It’s The Feelings, Folks!

By walking into the classroom, a slight-built Japanese man silenced 12 people. The energy of his powerful presence assured the claim he was one of the best in his field.

I liked him at once.  Able to command immediate attention from 12 extroverts, all wanting to brag about the last group they facilitated, he was the teacher I sought.  At 28 years of age, I wanted to be the best management trainer possible.

“Good morning, ladies and gentlemen.  My name is Dick Arima.  No…please refrain from speaking for the next while.”  He smiled, working the pause with ease.  “You’ll understand in a few moments.”

“It’s my hope you’ve come to these sessions in Montreal because you are passionate about helping people learn.  I don’t want you to tell me – I want you to show me who you are.  Please follow me into the gymnasium next door.”  We stood up and began to follow our teacher through a single door that was part of a folding wall.

Once in the gym, we were to choose one of 12 lines taped to the floor, running across the width of the gym.   At one end of the lines was written a giant “#1”.  On the opposite ends, a large “#10”.

Dick told us he would make statements.  We were to stand in the middle of the line, eyes closed, listen to the statement and decide where we fit – a definite “Yes” (#10) or a determined “No” (#1).  Once decided, we could open our eyes and move to the appropriate spot on our line.  We could not change our minds or speak until he asked us a question.

He began, “The first statement: I am an effective trainer.

I didn’t like the question.  It was too exposing.  If ‘yes’, why was I here?  If no, why was I here?  I heard people shuffling.  I couldn’t make up my mind.  ‘I’ll just go for it’ I decided, opened my eyes and went to the safe #6 position.  I looked around the gym.  We were all 5 or better.  Two men were hanging around #9.

“Let’s only break the silence to answer questions I pose.  I’ll ask you to tell us the reason for your position.”

Obviously I needed to take more time to move beyond shallow and hurried reponses.

We went through eight more statements.  Each required deeper soul searching.  Struggling to access my truth before moving to the spot, too often I wanted to alter my choice after others expressed their depth.  I had been stopping short of revealing the real intimacy that fueled my life.  I shielded my spiritual self.

Dick questioned us in a bubble of acceptance.  He supported rather than judged.  I felt no threat or shame.

Finally, it was time for the last statement: “A trip to Jamaica would be more significant for you than a trip to Winnipeg.”

This time, I responded immediately.  I opened my eyes and moved to #1 – No!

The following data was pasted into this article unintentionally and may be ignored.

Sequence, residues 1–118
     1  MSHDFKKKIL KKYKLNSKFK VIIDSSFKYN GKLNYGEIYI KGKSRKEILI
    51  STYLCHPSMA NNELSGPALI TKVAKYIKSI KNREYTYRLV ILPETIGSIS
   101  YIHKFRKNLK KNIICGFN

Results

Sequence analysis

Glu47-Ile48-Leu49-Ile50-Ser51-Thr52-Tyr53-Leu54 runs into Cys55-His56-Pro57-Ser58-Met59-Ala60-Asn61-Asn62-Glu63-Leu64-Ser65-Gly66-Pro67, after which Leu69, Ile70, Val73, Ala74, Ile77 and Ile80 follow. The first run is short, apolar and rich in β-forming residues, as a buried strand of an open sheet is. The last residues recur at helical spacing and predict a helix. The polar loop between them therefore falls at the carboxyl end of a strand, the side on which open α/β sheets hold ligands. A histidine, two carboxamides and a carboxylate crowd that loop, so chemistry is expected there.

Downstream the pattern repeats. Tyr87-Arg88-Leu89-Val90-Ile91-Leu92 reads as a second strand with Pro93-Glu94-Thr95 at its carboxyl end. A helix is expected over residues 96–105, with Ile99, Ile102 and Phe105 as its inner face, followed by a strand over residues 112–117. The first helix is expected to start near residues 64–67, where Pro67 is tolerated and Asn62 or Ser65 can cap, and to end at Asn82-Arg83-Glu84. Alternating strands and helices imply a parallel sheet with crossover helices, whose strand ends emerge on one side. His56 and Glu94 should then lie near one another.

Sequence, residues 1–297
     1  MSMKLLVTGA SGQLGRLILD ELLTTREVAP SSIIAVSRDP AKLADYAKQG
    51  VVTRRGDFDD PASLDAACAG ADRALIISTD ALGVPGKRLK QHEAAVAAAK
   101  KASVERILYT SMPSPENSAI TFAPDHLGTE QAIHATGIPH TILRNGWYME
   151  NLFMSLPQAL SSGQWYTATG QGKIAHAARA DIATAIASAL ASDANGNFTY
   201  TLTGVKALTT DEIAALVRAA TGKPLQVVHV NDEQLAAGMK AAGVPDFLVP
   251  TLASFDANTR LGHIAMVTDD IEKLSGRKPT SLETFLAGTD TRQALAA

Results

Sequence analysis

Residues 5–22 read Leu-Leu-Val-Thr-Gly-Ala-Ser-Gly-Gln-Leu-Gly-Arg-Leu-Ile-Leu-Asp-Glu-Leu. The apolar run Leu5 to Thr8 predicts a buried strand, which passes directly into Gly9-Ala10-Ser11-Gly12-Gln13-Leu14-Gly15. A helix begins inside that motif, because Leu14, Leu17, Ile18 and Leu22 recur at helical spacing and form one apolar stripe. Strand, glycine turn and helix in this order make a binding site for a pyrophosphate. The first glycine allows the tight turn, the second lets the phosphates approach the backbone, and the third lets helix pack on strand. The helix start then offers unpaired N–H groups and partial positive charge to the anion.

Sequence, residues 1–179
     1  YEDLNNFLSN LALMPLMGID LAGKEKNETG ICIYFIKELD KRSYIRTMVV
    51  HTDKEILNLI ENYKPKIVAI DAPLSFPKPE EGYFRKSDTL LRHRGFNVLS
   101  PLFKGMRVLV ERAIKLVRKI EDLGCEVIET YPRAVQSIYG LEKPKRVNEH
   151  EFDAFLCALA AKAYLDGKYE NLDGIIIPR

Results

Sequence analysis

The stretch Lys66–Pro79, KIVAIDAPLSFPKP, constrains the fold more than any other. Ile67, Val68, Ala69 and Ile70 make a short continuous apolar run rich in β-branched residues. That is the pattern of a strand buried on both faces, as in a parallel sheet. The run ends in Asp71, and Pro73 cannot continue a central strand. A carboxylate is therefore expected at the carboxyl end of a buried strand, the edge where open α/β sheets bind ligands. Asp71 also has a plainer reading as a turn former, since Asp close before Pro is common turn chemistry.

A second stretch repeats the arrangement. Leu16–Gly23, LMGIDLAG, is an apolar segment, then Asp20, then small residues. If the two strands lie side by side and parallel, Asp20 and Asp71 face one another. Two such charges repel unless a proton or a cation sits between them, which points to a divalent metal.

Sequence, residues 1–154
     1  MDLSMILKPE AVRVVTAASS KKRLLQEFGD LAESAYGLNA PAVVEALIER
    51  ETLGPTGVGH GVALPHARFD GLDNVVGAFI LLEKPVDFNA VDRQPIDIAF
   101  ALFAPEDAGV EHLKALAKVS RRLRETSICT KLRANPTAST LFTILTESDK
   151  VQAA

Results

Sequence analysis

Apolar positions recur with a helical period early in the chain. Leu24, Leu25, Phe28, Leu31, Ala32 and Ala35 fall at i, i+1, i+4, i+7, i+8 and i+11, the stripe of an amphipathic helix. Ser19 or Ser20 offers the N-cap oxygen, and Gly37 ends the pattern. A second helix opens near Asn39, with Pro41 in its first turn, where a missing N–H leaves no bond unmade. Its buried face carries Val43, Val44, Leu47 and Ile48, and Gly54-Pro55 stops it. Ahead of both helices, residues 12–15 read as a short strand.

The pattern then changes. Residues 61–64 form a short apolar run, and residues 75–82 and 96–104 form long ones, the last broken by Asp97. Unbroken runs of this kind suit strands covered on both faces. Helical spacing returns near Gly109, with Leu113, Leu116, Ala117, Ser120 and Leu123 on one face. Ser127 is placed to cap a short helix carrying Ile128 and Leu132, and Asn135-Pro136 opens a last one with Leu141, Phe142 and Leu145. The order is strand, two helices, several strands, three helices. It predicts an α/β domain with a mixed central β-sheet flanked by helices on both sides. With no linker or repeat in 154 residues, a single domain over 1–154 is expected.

The others, also responding quickly, positioned themselves between #7 & #10.  I’d finally tapped an authentic vein, but felt over-exposed. I dreaded the prospect of answering Dick’s questions.

Dick took everyone else through their paces, leaving me until last.

Then it was my turn.

“For me, it’s the feelings I experience that makes the trip significant.  I could go to either place and find enrichment beyond measure.  It could be through stories, experiences or a simple discovery.  A life-changing gem could fall into place and transform my life in any location – no matter its beauty.  It’s how I feel that makes it significant for me.”

“Thank you,” Dick said with a smile.  His lack of questioning told me all I needed to know.  He said, “Let’s return to the classroom and talk about what just happened.”

Dick Arima’s powerful and insightful training techniques continue to serve many aspects of my life.  Affecting mind, body and soul, it’s possible to benefit from love-filled subtleties that cause people to say, “What just happened?”

I can find no trace of Dick Arima on Google – he would have retired many years before the Internet.  But Maya Angelou’s quote often brings him to mind:  “I’ve learned that people will forget what you said, will forget what you did, but people will never forget how you made them feel.”

Built in 1901 and deserted, I am, nevertheless, the keeper of diverse,  expansive and cherished feelings.

Built in 1901, a home now deserted.  It is, nevertheless, a vault of diverse, expansive and cherished feelings.

Dramatic beauty seals my joy over good news...a moment, a view locked in feeling.

Dramatic beauty seals my joy from good news…a moment, a view, a nanosecond of humbleness locked in feeling.

A dear friend, a long-time walk buddy, Helga, climb a local mountain.  She found a Faerie Door!

A dear friend, a long-time walk buddy, Helga, as we climb a local mountain. She found a Faerie Door!

At the summit, we look north and see one of our ferries docked on the lower right. We both love and hate ferries - it comes with island living.

At the summit, we look north and see one of our ferries docked on the lower right. We love and hate ferries – feeling from island living.

As we meditate, breathe deep and speak our gratitude, a plane drifts by below.  I zoomed and blurred...

As we meditate, breathe deep and speak our gratitude, a plane drifts by below. I zoomed…